U.S. dollar underpinned by yields; euro under pressure

SYDNEY Wed Aug 15, 2012 7:10pm EDT

1 of 2. Japanese 10,000 yen notes (L) featuring a portrait of Yukichi Fukuzawa, the founding father of modern Japan, $100 notes, featuring an image of Benjamin Franklin, and Chinese 100 yuan notes, featuring an image of former Chinese leader Mao Zedong, at the main office of the Korea Exchange Bank are seen in this picture illustration taken in Seoul October 22, 2010.

Credit: Reuters/Truth Leem

SYDNEY (Reuters) - The dollar held near a fresh one-month high against the yen in early Asian trade on Thursday, while the euro nursed modest losses having succumbed to a bit of selling pressure overnight in thin market conditions.

Traders said selling in euro crosses was a major driver in an otherwise non-eventful session. The euro plumbed a two-week low on sterling, reaching 78.21 pence, and dipped to $1.2264 on the greenback, pulling further away from Tuesday's high of $1.2386.

Sebastien Galy, strategist at Societe Generale said rumors of SNB activity had helped to reinforce the downward pressure on the euro.

The Swiss National Bank has been buying a lot of euros in order to keep the 1.20 francs per euro floor intact and traders said it wouldn't surprise them if the SNB has been diversifying those euro holdings into other currencies.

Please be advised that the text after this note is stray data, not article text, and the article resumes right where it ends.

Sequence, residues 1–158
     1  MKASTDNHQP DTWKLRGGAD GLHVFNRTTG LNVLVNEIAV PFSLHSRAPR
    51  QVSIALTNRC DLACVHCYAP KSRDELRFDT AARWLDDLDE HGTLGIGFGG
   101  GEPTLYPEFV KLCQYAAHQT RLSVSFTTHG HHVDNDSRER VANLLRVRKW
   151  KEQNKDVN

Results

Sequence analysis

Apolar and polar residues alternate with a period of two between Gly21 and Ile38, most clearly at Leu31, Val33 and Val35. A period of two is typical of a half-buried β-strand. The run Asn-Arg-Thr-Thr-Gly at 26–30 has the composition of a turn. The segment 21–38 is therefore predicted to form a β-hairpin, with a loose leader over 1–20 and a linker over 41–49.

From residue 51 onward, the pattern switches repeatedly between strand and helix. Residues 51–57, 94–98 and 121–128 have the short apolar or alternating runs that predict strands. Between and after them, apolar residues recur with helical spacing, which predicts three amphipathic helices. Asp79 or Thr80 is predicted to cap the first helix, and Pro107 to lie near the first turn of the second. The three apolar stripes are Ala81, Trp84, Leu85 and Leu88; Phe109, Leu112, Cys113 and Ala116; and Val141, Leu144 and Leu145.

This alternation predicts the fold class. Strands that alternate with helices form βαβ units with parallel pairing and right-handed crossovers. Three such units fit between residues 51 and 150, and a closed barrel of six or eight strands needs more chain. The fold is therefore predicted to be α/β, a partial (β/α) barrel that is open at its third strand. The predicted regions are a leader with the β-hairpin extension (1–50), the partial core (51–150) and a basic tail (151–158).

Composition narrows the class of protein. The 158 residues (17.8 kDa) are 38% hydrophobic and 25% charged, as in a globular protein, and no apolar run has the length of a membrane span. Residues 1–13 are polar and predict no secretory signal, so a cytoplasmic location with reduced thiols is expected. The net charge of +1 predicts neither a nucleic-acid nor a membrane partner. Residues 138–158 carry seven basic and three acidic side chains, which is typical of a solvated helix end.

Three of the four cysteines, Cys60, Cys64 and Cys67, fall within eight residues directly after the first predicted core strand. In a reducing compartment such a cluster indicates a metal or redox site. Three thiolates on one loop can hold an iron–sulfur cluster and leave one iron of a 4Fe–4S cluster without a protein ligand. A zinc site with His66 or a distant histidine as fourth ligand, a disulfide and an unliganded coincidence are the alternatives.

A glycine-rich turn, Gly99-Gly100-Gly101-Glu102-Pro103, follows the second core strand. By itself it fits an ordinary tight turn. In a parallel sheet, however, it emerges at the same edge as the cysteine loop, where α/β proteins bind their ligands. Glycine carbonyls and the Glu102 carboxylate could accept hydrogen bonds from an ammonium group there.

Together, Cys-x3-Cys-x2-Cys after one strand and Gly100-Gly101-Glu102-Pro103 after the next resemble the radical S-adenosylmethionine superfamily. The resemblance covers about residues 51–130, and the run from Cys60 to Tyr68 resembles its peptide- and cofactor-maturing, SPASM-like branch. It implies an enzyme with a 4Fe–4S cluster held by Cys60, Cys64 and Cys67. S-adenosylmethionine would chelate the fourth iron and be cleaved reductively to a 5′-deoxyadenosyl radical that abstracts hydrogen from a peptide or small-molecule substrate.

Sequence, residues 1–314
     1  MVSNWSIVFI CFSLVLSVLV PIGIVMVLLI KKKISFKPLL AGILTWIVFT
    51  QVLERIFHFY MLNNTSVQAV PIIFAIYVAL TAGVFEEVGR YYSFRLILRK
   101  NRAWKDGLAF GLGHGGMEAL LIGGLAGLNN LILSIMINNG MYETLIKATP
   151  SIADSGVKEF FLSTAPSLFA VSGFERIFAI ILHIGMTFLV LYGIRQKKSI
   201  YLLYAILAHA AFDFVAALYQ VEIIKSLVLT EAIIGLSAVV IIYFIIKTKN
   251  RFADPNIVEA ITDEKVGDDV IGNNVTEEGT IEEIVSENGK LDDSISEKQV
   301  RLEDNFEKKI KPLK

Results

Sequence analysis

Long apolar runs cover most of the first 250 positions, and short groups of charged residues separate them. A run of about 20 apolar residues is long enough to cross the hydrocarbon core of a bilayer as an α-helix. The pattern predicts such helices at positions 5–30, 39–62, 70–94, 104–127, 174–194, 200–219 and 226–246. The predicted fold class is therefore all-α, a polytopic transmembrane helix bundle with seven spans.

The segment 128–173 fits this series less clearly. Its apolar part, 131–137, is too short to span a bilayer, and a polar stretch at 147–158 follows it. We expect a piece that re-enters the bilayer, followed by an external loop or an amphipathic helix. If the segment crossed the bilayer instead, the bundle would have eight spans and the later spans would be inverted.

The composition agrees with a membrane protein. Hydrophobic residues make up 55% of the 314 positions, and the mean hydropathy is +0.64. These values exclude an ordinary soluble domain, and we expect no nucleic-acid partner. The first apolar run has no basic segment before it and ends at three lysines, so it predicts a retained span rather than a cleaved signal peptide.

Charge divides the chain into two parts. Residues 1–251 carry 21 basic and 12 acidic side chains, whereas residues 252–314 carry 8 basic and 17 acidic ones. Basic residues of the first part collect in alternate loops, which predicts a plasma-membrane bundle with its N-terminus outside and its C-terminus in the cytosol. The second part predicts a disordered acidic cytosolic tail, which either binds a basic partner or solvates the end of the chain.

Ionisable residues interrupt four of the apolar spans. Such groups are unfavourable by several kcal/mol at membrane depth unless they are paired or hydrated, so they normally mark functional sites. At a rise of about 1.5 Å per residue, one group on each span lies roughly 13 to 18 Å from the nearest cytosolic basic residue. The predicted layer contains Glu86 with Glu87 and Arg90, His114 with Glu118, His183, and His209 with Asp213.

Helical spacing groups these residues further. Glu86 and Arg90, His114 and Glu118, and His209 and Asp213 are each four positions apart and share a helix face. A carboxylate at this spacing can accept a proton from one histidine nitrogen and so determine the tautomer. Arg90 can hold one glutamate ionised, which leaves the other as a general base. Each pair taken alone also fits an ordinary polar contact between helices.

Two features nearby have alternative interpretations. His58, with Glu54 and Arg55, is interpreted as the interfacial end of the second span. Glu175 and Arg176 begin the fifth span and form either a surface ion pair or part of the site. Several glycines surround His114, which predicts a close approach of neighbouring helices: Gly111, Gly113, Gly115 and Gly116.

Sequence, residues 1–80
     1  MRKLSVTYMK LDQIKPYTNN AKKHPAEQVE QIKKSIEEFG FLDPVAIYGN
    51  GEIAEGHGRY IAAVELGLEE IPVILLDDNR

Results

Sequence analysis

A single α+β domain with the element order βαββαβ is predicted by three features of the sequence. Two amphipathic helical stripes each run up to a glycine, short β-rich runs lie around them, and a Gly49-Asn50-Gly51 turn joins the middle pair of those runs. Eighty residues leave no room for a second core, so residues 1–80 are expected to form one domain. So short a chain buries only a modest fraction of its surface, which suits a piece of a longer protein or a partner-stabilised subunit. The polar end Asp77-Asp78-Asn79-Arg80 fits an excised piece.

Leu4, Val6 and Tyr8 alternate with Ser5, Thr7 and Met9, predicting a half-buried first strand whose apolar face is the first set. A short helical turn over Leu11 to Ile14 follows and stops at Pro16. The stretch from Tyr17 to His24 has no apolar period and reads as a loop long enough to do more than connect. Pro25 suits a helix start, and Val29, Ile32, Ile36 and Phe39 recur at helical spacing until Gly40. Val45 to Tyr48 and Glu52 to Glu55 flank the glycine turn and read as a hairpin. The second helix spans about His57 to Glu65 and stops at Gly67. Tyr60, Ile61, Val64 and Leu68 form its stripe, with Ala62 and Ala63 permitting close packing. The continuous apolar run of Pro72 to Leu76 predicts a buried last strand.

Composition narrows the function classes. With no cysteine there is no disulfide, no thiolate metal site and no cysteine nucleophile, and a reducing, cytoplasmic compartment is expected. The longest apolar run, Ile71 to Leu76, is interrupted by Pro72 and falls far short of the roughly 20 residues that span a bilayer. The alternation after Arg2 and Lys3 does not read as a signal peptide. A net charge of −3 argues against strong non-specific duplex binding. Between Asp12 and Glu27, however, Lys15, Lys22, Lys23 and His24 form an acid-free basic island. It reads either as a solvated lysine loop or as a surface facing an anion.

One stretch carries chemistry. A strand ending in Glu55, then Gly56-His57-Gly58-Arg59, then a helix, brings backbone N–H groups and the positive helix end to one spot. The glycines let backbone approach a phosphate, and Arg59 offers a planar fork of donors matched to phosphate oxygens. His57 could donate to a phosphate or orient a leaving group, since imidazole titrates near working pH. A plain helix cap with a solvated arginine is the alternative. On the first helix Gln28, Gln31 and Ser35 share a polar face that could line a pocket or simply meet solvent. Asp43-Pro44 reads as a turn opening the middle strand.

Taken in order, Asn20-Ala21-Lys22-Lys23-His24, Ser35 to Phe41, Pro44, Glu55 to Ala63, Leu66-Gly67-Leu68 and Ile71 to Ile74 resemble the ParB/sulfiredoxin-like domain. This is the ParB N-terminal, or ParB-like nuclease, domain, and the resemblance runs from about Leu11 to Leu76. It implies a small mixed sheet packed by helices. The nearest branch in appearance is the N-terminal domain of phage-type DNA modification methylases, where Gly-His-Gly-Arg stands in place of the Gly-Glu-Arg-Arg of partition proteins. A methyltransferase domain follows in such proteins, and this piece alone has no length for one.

That helped the dollar index pop back up to 82.706 from a low of 82.196 set on Tuesday. Against the yen, the dollar continued to gain ground thanks to a further rise in U.S. Treasury (UST) yields. The greenback peaked at 79.06 and was last at 79.03.

"We will eventually move back lower as we continue a fairly tight range in UST. The US maybe growing and the global economy stabilizing, but it is still a very slow growth path," Galy added.

Data on Wednesday showed U.S. industrial output expanded last month at the fastest pace since April and manufacturing notched another solid advance, yet inflation remained tame. Traders said the lack of price pressure should give the Federal Reserve room to ease policy further if needed.

Commodity currencies had a better night as well after being hit by disappointing Chinese data last week and a string of downbeat media reports about the health of the world's second biggest economy.

The Australian dollar edged up to $1.0499 after finding support at a two-week trough around $1.0456. Its New Zealand counterpart climbed to $0.8072 from a three-week low around $0.8038.

Immediate resistance for the Aussie is seen around $1.0517, the 38.2 percent retracement of its Aug 9-15 fall. For the kiwi, the first barrier is seen near $0.8110, the 38.2 percent retracement of its Aug 6-15 decline.

Asia faces another near data-free session on Thursday, while Europe has UK retail sales and euro zone inflation reports. In the United States, factory activity in the mid-Atlantic region, housing starts, building permits and weekly jobless benefits claims take center stage.

(Editing by Wayne Cole)

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